How to Profitably Use Mini Catalogs, Solos and Flyers
What if you could achieve double the response rate you currently earn with your catalog mailing? What if you could mail for much less than the cost of the catalog? And what if you could do all this and make a profit? You can.
Highly targeted, lower-cost marketing communications vehicles such as mini catalogs, solo direct mail pieces and flyers complement your catalog mailings.
An advantage business-to-business (b-to-b) catalogers have over consumer catalogers is their knowledge of purchasing motivators, industry-wide purchasing patterns and product life cycles. Think about it: Customers in certain industries buy during specific times of the year, while others buy replacement products, product upgrades and product improvements all year long.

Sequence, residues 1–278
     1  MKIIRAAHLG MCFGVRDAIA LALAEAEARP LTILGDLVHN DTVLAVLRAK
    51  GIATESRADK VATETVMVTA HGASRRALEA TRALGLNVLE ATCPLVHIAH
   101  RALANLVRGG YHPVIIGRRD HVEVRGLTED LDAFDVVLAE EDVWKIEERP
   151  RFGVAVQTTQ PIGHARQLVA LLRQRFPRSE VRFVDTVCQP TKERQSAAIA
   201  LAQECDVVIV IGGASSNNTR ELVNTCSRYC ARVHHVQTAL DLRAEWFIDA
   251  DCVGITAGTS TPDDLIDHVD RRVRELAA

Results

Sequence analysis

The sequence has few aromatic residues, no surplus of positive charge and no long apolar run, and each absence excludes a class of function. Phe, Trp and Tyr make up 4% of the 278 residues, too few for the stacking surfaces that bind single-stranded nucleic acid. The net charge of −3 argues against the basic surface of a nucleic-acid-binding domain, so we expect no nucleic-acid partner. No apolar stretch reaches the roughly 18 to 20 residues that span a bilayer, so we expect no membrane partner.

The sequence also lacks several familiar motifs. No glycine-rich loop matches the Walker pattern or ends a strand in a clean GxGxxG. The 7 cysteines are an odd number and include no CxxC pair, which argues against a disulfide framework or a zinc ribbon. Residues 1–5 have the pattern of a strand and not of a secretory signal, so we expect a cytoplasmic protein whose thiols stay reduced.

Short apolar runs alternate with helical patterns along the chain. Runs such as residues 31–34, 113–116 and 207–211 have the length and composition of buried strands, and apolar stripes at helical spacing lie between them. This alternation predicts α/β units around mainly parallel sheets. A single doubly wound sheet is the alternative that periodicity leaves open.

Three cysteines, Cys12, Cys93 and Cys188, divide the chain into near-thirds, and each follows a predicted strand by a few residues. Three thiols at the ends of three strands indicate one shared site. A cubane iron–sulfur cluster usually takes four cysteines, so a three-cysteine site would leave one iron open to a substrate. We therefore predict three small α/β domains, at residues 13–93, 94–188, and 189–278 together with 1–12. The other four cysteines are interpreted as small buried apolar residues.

Other b-to-b cataloger advantages: You know your customers’ budgeting cycles, standard industrial codes and product-buying histories.
With all of this information, plus a customer database of transaction records, you can create a profitable direct mail piece. Here’s how to selectively target your customers with specific product offers.
In this case, “mini” doesn’t refer to dimension but to direction. The objective is to mail to a highly targeted group of customers a lower page count mail piece (generally eight, 12 or 16 pages) with a specific merchandise offering.
Using those parameters, this less-expensive mail piece is highly productive, because the targeted audience may yield a high response rate. For example, a spa-supply cataloger might try targeting spas and salons that made previous purchases of the merchant’s private-label products. The merchandise assortment in the mini catalog could, for example:
- feature only the private-label products;
- offer special bundles (e.g., entire assortments, two-for and three-for offers);
- introduce new merchandise and new packaging; and